ORCHESTRATION: solo cello
COMMISSIONED BY: Munich Biennale
AVAILABILITY: Novello & Co. London
PREMIERE DATE: November 12, 1997
Munich Biennale: Carl-Orff Saal
American Premiere by Alex Waterman
Oberlin Conservatory of Music
This work is in two movements – a slow Introduction, serenade-like, leading to a fast main movement of collage-like characters. The serenade sets out a 14-bar ‘friendship’ theme (starting in the fourth bar) on a ground of G, which reappears kaleidoscopically at the end of the movement, with the 14 bars of the theme in rearranged order. Between these two statements is ensconced a continually developing cantabile line reminiscent of the Cor Anglais solo which features in my opera Broken Strings (Peacock Song) as well as in the slow movement of Horse Tooth White Rock, my subsequent orchestral work. The cantabilesection is intended to be a reflection on dharma, the pathway of integrity and truth. Thus is this work, friendship is brought into direct relationship with dharma.
The faster movement is a composite of diverse rhythmic characters that course their wild and somewhat disjunct passage through three strophes, developing and extending material on each repetition. The emergent principle of developing-variation controls the improvisatory flow, though new material is also presented within each subsequent strophe. The resulting collage can be seen as a rich stream of consciousness produced by the continuing interaction between dharma and friendship. Dharma is reflected in the almost all-pervasive use of the octatonic scale c-c#-d#-e-f#-g-a-a# (in all its three possible transpositions) which symbolises for me the Eight-fold path, its symmetry further pointing to a transcendental quality of being. The goal of the movement, indeed of the work as a whole, is the appearance of the tetrachord E-A-B-E flat in various transposition/rotations which gradually peeps through the octatonic fabric. This telos emerges fully towards the end of the second strophe. In a broader sense then, the movement can also be seen as a type of sonata-deformation, with the third strophe having a recapitulatory function.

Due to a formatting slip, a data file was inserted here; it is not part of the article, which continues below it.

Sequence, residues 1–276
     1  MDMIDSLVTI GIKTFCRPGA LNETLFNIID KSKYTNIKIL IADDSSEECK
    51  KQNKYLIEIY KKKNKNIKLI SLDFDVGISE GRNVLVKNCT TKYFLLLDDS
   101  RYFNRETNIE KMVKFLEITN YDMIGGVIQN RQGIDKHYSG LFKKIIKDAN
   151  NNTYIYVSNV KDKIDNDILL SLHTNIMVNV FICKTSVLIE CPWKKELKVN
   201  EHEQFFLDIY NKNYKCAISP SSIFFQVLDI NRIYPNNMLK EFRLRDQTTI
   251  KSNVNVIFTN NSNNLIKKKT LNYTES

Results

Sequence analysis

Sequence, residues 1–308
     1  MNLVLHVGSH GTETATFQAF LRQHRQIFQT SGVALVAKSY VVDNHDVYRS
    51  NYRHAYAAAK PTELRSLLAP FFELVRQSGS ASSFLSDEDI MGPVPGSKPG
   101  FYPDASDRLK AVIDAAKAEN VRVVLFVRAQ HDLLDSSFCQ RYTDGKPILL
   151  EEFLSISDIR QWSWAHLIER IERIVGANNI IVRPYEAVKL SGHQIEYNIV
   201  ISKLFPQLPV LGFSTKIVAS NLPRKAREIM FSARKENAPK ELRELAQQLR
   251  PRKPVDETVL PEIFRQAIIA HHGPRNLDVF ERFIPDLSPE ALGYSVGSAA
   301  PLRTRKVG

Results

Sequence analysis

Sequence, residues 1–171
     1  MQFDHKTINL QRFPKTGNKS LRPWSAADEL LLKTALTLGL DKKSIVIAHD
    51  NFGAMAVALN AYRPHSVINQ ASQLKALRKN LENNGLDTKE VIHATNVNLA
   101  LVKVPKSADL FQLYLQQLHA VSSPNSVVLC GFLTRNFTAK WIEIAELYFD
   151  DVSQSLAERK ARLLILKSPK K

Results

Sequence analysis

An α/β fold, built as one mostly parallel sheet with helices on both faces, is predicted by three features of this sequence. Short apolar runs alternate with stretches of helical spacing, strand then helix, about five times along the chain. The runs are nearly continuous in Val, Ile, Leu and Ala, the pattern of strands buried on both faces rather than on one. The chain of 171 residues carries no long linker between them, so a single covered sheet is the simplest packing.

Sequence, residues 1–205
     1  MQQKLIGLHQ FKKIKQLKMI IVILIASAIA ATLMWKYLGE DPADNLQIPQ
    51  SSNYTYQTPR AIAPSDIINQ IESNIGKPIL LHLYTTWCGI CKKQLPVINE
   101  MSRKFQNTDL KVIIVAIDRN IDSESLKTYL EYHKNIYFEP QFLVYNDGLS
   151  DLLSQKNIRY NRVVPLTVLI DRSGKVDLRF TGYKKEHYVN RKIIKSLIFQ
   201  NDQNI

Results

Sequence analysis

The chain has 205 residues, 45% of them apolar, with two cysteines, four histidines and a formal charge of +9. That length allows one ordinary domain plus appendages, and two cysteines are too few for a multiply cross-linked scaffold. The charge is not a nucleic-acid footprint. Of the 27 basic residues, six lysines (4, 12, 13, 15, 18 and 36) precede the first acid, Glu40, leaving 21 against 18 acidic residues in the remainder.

The title of the work is inspired by a passage in the writings of Kim Malthe-Bruun, a Danish Resistance martyr during World War II. In a final letter he wrote before being executed, Kim speaks of the ‘flame’ that he has perhaps started in the heart of his friend Hanne, a flame which must survive him. True friendship, when grounded in such integrity as he manifested at the end of his life, is just such a flame – its gift is an unending inspiration.